The Lobster – It Is Better to be Dead or a Wild Animal Than Single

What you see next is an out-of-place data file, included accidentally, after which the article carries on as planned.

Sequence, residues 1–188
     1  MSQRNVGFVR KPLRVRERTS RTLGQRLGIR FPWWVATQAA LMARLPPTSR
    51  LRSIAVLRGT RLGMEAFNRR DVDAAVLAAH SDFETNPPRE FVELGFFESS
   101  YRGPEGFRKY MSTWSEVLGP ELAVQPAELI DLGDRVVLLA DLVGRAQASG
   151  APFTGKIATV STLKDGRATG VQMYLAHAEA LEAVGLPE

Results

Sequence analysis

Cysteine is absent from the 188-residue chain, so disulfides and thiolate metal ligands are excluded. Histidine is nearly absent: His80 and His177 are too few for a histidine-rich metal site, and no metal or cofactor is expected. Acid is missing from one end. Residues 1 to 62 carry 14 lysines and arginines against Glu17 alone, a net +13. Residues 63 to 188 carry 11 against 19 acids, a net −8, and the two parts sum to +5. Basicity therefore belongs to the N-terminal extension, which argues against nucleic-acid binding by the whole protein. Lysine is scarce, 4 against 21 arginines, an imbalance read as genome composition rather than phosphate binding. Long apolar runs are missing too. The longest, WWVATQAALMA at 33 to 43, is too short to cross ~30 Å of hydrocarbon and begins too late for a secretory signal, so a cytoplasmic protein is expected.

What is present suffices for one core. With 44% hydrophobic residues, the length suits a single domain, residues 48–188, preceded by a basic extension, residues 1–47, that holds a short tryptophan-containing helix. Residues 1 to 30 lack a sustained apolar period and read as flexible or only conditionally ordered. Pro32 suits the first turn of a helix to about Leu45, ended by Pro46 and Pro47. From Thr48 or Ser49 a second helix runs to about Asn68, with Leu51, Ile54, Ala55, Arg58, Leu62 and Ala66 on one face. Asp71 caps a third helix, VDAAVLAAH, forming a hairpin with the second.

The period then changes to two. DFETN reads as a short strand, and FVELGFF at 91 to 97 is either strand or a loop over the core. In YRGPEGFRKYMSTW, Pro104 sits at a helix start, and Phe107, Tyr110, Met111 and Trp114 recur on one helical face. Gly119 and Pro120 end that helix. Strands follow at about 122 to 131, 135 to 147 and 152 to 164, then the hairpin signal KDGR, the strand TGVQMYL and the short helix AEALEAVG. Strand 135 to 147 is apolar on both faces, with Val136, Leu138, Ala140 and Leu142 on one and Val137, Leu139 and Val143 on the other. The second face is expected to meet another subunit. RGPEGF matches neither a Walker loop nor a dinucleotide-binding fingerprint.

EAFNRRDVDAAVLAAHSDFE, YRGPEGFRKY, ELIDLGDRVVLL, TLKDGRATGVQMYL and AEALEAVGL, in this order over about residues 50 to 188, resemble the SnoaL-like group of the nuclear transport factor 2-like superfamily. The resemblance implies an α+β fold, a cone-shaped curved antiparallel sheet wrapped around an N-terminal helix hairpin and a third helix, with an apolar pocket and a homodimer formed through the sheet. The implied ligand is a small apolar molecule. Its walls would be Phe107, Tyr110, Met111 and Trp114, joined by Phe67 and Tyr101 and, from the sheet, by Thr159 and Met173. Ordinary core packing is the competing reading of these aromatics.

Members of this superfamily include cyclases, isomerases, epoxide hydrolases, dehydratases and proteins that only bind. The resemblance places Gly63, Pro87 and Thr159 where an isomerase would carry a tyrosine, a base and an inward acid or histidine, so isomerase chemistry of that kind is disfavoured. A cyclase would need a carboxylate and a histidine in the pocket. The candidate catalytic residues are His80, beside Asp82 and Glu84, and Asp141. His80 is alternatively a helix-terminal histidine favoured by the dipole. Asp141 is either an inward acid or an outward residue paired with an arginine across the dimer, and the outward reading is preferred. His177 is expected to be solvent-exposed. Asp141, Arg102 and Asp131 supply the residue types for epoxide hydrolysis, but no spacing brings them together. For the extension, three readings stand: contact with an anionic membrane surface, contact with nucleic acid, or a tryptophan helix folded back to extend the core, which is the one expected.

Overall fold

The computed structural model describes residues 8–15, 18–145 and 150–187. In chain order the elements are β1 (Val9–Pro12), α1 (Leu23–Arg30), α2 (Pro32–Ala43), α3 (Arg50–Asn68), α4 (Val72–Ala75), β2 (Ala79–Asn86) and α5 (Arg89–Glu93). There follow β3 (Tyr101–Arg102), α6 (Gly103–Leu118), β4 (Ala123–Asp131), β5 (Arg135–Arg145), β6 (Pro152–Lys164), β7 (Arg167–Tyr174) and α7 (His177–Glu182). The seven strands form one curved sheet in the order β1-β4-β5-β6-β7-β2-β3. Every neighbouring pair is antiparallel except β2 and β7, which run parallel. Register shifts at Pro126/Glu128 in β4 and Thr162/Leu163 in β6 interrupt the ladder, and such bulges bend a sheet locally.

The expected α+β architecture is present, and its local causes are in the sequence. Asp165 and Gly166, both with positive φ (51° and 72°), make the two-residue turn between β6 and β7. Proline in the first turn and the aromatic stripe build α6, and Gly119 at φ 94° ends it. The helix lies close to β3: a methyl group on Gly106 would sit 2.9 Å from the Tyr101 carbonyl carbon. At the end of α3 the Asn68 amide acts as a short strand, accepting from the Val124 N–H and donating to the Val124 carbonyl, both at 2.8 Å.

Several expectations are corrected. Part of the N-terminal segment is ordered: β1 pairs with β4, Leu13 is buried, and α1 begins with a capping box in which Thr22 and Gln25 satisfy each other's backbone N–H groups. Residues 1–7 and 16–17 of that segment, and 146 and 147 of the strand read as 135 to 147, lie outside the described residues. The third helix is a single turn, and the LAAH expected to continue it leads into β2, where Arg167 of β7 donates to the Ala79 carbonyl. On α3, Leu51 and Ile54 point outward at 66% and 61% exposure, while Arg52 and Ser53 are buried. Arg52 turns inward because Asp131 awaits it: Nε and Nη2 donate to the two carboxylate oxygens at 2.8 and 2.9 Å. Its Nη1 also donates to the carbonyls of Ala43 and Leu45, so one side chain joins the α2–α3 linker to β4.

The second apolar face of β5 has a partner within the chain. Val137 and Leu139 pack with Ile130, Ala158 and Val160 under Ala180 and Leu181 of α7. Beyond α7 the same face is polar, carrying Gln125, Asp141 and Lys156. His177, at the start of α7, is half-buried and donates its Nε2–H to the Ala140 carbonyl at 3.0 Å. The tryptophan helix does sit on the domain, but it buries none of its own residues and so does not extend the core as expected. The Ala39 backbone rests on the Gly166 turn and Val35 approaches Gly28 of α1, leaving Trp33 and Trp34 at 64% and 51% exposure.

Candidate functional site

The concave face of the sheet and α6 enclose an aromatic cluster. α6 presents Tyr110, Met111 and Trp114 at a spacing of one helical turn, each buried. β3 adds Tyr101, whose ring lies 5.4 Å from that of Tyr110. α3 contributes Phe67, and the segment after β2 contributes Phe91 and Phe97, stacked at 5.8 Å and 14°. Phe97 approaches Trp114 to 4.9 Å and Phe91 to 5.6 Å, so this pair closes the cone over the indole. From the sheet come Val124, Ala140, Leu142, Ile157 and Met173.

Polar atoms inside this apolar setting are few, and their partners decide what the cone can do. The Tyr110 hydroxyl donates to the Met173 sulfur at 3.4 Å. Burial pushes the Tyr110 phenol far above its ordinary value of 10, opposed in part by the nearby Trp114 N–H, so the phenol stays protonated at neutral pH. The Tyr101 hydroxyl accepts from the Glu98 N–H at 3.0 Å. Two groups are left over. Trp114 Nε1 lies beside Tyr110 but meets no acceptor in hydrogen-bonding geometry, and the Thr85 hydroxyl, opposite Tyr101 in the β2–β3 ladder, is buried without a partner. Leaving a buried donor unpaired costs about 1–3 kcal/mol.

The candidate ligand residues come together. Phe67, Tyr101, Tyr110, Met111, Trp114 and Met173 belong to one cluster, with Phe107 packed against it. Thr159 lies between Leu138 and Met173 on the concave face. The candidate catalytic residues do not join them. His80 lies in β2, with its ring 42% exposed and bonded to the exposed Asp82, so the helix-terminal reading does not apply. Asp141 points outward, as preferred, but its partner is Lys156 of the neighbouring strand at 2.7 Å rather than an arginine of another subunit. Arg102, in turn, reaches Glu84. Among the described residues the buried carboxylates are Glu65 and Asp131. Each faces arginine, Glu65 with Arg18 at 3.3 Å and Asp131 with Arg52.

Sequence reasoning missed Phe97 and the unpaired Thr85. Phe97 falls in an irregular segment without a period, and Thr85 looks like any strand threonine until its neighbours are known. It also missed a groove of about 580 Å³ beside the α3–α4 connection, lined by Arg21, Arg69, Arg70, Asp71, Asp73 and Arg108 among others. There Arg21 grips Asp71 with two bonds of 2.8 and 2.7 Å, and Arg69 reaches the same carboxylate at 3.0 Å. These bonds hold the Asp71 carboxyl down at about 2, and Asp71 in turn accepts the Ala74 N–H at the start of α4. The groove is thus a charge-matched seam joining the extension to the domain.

…At least that is what the dystopian society in The Lobster believes. So profoundly in fact, that this truth – as it where – hinges entirely on the preposterous vision of an entire subsection of society dependent on the “rehabilitation” and matchmaking of single folk. From the hilarious and dark mind of Greek director Yargos Lanthimos (Dogtooth, AlpsThe Lobster is just as deliciously strange as Lanthimos’ previous films. Juxtaposing the banal: awkward small talk with strangers, stiffly dancing with a potential match at a singles mixer, sitting down to breakfast in a hotel alone; with the extraordinary: what lengths one will go to to find a potential mate and well, being turned into a wild animal if one’s match is not made. (Don’t worry, the characters comically get the choice of what they want to be turned into.) The actors do an amazing job (especially John C. Reilly) with delivering the purposefully emotionally stunted dialogue, and the cinematography is stunning. The use of chiaroscuro is brilliant -contrasting bright colors is some scenes and matching dour, muted grays in others.  The music perfectly highlights the tension in some scenes and the awkward levity in others. Despite the high quality production value, I wasn’t sure if I liked the film after the first viewing. I had to really think about it, mull it over and digest the message, the harsh, biting satire. I found it a bit disturbing, but also completely nonsensical in some ways. I even re watched some scenes. Then it occurred to me – the fact that I was thinking about it so much, trying to understand it is proof alone that it is a well done film. Most films drift away in my memory – usually as soon as the very next day. This one stays. It sits in your belly like something that disagrees with it, churning almost sickly, causing you to examine your own society and the pressure for a perfect relationship. I heartily recommend, but urge to go in open minded, and willing to think a little.

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